Half of a scene that had disappeared, only to reappear. It’s an inherently unstable scene, one that can develop in a lot of ways, and its outcome changes the story completely each time.
And now I need to come to a decision.
Do I continue with writing Tunngavik as a far future South Baffin culture city set in our world?
Or… do I scrap that entirely and build a world from scratch with its own peoples and histories and languages and geographies and animals and even science?
I think it comes down to these two things:
If I’m honest with myself, I was using Inuit culture as a short-cut into my own imagination, because the various tales of Sedna were tantalizing. Key word: using. More to the point, short-cut. This will not end well.
I want various things that are not part of Inuit culture. It would be wrong to strong-arm said things into the narrative and remold the culture into something that wouldn’t be recognizable. For instance, there’s a hierarchy of spirits and supernatural creatures cropping up in my story that is not a feature of Inuit mythology. I am not about to twist the real thing to follow my own tropes and claim the result is a natural progression into the future. That’s just… yurgh.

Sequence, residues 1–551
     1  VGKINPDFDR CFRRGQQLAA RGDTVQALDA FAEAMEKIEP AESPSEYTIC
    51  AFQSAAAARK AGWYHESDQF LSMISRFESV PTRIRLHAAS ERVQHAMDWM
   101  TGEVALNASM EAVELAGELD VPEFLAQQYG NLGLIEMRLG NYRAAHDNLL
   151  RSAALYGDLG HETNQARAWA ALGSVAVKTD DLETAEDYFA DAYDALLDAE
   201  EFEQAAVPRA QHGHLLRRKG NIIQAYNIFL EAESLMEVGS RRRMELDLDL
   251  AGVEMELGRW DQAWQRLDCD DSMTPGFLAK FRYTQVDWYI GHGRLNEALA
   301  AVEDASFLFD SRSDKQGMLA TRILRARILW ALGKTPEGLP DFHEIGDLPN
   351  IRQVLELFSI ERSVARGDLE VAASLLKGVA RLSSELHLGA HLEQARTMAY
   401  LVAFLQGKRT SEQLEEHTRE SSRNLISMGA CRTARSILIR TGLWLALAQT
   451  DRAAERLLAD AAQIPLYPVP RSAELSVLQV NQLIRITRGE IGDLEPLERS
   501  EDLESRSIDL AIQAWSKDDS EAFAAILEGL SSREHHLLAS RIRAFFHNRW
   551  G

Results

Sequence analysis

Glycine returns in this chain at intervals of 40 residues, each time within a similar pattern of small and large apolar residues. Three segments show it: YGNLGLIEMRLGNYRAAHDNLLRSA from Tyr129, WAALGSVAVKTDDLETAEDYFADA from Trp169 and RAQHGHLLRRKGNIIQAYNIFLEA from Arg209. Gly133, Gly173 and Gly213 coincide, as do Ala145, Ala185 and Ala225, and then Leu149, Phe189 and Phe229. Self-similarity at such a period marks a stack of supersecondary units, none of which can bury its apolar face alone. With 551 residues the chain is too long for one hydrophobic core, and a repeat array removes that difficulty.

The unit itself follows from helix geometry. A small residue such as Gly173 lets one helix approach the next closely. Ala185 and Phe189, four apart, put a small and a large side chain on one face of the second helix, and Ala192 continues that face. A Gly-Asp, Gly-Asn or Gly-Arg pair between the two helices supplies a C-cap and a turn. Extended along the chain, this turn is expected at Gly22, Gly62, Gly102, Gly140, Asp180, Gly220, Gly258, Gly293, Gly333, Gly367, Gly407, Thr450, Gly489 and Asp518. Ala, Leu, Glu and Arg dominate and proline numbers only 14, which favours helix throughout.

I think that a lot of what’s termed mythopoeic literature falls on two sides of the fence:
- Taking what’s there and running with it faithfully.
- Twisting what’s there under the myopia of your own cultural lens.
The second one is what, I think, most writers tend to do. It’s certainly what leads to a higher sense of pleasure for most readers: you get a taste of something different, but blended with something familiar. It is what English curry is to Indian dishes.
Of course, I understand that I can run into a lotta fail even if I take the “everything from scratch” approach. Cultural stereotypes live in the subconscious, and if there’s anything that writing is really good at, it’s diving down and grabbing the little swimmy things that live there… and bringing back whatever it finds.
It’s not always pretty.